A mortgage is an agreement granting a legal claim on real or personal property, or transferring ownership of it, as security for the payment of a loan. The agreement is made between a mortgagor, or borrower, and a mortgagee, or lender. If the value of the property exceeds the amount of the first mortgage, additional mortgages may be placed on it. If terms of repayment or other conditions of the mortgage are violated, the mortgagee may foreclose the mortgage by taking or compelling sale of the property.
A realty mortgage is on real property. It includes a statement of the debt incurred and a description of the property that secures it. Usually it binds the mortgagor to such promises as to pay all taxes and assessments on the property, keep the buildings in repair, and protect them with insurance. In the United States a realty mortgage usually must be signed, sealed, and delivered to the mortgagee, and it must be recorded in the county where the property is situated. An unrecorded mortgage is binding on a person who agrees to it, but it is not binding on a person who buys the property or later mortgagees or other creditors, if such persons had no knowledge of the earlier mortgage.
When a piece of real estate is sold in a foreclosure sale, the money is applied to paying off any recorded mortgages in the order of their dates of record. Any unrecorded mortgage taken out before recorded mortgages is paid according to the mortgage date if the holders of the recorded mortgages knew about it; otherwise it is paid after the recorded mortgages. If the money from the foreclosure sale does not cover the total debt, interest, and legal costs, unpaid mortgagees may sue the mortgagor for what is owed. If money is left over, it goes to the mortgagor.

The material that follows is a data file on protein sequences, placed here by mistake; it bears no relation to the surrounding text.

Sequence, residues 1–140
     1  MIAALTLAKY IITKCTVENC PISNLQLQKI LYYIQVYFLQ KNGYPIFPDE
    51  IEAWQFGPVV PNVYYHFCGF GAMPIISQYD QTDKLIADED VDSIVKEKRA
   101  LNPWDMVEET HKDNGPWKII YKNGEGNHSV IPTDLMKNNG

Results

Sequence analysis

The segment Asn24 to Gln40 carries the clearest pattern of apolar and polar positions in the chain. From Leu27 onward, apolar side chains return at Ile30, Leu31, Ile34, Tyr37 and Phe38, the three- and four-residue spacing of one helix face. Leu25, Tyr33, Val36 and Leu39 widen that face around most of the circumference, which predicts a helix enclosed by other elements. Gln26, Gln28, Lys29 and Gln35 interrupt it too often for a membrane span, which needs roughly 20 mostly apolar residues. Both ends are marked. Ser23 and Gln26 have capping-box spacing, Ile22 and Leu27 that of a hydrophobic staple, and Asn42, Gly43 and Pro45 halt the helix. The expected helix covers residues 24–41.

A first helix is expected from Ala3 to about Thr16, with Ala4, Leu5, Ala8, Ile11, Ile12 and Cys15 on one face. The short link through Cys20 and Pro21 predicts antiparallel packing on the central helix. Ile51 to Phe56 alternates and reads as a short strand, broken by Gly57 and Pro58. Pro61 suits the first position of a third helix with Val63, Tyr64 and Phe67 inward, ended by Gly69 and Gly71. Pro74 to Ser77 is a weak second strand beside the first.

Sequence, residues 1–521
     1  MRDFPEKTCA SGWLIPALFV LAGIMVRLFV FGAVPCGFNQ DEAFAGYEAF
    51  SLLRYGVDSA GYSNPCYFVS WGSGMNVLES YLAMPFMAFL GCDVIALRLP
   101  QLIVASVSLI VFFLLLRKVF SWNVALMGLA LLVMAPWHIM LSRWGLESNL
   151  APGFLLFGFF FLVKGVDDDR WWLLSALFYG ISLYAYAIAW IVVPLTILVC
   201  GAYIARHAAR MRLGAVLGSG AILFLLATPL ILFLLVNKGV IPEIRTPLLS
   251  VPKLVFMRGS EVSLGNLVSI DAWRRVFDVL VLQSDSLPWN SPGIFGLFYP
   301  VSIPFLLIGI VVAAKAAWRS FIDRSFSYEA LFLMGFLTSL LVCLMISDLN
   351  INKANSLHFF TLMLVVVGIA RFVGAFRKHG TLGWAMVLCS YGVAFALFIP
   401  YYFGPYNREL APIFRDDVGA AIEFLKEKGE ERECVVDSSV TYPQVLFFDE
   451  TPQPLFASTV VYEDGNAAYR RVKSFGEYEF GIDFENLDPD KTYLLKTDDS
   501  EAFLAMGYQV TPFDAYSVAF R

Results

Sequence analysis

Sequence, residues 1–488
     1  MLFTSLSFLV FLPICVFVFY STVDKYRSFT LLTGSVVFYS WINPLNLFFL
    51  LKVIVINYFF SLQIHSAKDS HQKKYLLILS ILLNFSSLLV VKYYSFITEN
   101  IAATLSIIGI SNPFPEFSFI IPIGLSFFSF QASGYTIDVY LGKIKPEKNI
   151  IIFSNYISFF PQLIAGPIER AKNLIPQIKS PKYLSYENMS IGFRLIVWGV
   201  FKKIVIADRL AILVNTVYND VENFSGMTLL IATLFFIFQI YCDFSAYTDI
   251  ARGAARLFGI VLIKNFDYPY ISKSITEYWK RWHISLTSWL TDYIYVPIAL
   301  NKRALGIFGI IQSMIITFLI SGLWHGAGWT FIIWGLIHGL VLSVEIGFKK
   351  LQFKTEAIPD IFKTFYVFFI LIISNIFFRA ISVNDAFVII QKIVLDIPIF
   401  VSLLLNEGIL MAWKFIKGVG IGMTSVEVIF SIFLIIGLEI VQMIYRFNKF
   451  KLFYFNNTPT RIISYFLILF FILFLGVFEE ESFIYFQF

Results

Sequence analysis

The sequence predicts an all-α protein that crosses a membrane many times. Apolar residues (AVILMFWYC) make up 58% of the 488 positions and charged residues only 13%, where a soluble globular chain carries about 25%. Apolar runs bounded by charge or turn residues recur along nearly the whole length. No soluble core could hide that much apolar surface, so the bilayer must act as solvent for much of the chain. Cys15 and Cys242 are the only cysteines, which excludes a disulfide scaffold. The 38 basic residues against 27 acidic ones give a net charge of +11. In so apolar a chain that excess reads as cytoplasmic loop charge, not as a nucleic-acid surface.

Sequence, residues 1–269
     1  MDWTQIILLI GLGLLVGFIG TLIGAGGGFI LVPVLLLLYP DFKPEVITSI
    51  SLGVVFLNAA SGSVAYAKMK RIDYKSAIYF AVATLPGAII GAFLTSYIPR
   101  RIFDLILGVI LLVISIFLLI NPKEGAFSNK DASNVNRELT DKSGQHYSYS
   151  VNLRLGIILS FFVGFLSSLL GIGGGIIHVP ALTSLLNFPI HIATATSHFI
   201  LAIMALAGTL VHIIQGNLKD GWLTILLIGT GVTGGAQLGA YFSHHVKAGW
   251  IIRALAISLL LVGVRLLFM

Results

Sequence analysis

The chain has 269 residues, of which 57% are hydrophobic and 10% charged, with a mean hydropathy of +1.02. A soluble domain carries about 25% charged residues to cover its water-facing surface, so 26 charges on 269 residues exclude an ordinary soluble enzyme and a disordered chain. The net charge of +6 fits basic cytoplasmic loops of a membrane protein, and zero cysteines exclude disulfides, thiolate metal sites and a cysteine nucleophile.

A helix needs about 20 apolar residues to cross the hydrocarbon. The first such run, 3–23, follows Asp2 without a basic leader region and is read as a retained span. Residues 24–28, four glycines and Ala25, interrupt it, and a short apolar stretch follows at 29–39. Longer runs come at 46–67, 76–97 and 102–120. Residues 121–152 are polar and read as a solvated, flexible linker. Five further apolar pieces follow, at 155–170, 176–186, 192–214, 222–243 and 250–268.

A chattel mortgage is a mortgage on personal property, such as a car. The laws of most states provide that chattel mortgages must be recorded with the appropriate public official unless the mortgaged property is delivered to and retained by the mortgagee. An unrecorded chattel mortgage is subject to the same limitations and difficulties as an unrecorded realty mortgage.
Under the old English common law a mortgage conveyed actual ownership of the mortgaged property to the lender with the provision that the conveyance became void if repayment was made according to agreement. In England this common law, or title, theory was followed until the Law of Property Act in 1925. The act introduced the equity mortgage, or lien, in which the mortgagor retains ownership of the property and the mortgagee has a lien, or legal claim, against it if the debt is not paid. In the United States 14 states follow the title theory, about 25 have adopted the lien theory, and the rest follow some variation of one or the other.
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